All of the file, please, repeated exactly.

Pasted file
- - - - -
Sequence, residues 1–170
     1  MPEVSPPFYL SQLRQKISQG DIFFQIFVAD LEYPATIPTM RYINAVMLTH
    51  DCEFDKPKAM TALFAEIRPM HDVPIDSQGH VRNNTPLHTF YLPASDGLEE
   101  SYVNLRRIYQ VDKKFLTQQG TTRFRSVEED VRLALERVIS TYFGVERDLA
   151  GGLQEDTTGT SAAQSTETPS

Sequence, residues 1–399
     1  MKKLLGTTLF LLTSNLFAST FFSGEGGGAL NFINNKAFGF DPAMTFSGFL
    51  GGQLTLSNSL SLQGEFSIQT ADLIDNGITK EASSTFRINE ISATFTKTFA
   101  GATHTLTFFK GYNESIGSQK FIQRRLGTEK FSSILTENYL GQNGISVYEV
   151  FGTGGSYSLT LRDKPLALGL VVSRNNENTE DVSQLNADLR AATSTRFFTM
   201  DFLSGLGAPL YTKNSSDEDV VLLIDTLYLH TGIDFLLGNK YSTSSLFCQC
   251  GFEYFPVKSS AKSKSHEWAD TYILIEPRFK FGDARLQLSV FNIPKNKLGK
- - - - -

Sequence, residues 1–170
     1  MPEVSPPFYL SQLRQKISQG DIFFQIFVAD LEYPATIPTM RYINAVMLTH
    51  DCEFDKPKAM TALFAEIRPM HDVPIDSQGH VRNNTPLHTF YLPASDGLEE
   101  SYVNLRRIYQ VDKKFLTQQG TTRFRSVEED VRLALERVIS TYFGVERDLA
   151  GGLQEDTTGT SAAQSTETPS

Sequence, residues 1–399
     1  MKKLLGTTLF LLTSNLFAST FFSGEGGGAL NFINNKAFGF DPAMTFSGFL
    51  GGQLTLSNSL SLQGEFSIQT ADLIDNGITK EASSTFRINE ISATFTKTFA
   101  GATHTLTFFK GYNESIGSQK FIQRRLGTEK FSSILTENYL GQNGISVYEV
   151  FGTGGSYSLT LRDKPLALGL VVSRNNENTE DVSQLNADLR AATSTRFFTM
   201  DFLSGLGAPL YTKNSSDEDV VLLIDTLYLH TGIDFLLGNK YSTSSLFCQC
   251  GFEYFPVKSS AKSKSHEWAD TYILIEPRFK FGDARLQLSV FNIPKNKLGK